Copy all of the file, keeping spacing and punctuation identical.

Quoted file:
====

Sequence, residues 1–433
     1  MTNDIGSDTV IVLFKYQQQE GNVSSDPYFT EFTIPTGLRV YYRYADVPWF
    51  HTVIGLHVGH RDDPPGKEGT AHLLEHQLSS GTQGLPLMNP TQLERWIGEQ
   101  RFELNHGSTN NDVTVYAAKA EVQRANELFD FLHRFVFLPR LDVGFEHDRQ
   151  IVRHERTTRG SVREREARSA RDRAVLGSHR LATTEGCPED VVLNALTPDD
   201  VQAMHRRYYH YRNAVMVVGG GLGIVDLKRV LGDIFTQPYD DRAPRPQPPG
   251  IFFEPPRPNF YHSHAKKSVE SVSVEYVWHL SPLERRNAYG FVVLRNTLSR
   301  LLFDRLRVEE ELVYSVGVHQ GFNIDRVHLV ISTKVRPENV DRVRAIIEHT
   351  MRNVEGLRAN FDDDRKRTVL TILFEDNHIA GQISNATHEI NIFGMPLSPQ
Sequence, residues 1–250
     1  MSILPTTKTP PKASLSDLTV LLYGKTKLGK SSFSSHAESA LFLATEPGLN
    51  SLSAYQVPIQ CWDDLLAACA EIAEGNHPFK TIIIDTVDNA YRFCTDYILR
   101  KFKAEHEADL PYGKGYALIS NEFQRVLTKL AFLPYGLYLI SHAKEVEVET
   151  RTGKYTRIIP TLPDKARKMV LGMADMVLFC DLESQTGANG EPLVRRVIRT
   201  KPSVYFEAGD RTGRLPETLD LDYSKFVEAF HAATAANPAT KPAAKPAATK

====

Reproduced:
Sequence, residues 1–433
     1  MTNDIGSDTV IVLFKYQQQE GNVSSDPYFT EFTIPTGLRV YYRYADVPWF
    51  HTVIGLHVGH RDDPPGKEGT AHLLEHQLSS GTQGLPLMNP TQLERWIGEQ
   101  RFELNHGSTN NDVTVYAAKA EVQRANELFD FLHRFVFLPR LDVGFEHDRQ
   151  IVRHERTTRG SVREREARSA RDRAVLGSHR LATTEGCPED VVLNALTPDD
   201  VQAMHRRYYH YRNAVMVVGG GLGIVDLKRV LGDIFTQPYD DRAPRPQPPG
   251  IFFEPPRPNF YHSHAKKSVE SVSVEYVWHL SPLERRNAYG FVVLRNTLSR
   301  LLFDRLRVEE ELVYSVGVHQ GFNIDRVHLV ISTKVRPENV DRVRAIIEHT
   351  MRNVEGLRAN FDDDRKRTVL TILFEDNHIA GQISNATHEI NIFGMPLSPQ
Sequence, residues 1–250
     1  MSILPTTKTP PKASLSDLTV LLYGKTKLGK SSFSSHAESA LFLATEPGLN
    51  SLSAYQVPIQ CWDDLLAACA EIAEGNHPFK TIIIDTVDNA YRFCTDYILR
   101  KFKAEHEADL PYGKGYALIS NEFQRVLTKL AFLPYGLYLI SHAKEVEVET
   151  RTGKYTRIIP TLPDKARKMV LGMADMVLFC DLESQTGANG EPLVRRVIRT
   201  KPSVYFEAGD RTGRLPETLD LDYSKFVEAF HAATAANPAT KPAAKPAATK